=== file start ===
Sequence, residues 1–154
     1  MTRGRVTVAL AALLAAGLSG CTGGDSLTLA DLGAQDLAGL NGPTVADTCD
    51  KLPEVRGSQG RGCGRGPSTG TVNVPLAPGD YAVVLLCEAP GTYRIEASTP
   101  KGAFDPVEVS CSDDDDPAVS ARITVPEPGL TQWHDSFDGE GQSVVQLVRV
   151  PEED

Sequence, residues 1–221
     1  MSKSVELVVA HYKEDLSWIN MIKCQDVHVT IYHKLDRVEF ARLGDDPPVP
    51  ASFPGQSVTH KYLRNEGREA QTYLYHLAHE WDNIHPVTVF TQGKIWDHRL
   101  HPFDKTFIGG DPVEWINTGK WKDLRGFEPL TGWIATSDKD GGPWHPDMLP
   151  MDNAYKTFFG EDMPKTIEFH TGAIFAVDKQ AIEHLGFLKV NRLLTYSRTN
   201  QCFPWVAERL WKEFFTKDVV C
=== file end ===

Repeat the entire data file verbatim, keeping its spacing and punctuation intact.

Sequence, residues 1–154
     1  MTRGRVTVAL AALLAAGLSG CTGGDSLTLA DLGAQDLAGL NGPTVADTCD
    51  KLPEVRGSQG RGCGRGPSTG TVNVPLAPGD YAVVLLCEAP GTYRIEASTP
   101  KGAFDPVEVS CSDDDDPAVS ARITVPEPGL TQWHDSFDGE GQSVVQLVRV
   151  PEED

Sequence, residues 1–221
     1  MSKSVELVVA HYKEDLSWIN MIKCQDVHVT IYHKLDRVEF ARLGDDPPVP
    51  ASFPGQSVTH KYLRNEGREA QTYLYHLAHE WDNIHPVTVF TQGKIWDHRL
   101  HPFDKTFIGG DPVEWINTGK WKDLRGFEPL TGWIATSDKD GGPWHPDMLP
   151  MDNAYKTFFG EDMPKTIEFH TGAIFAVDKQ AIEHLGFLKV NRLLTYSRTN
   201  QCFPWVAERL WKEFFTKDVV C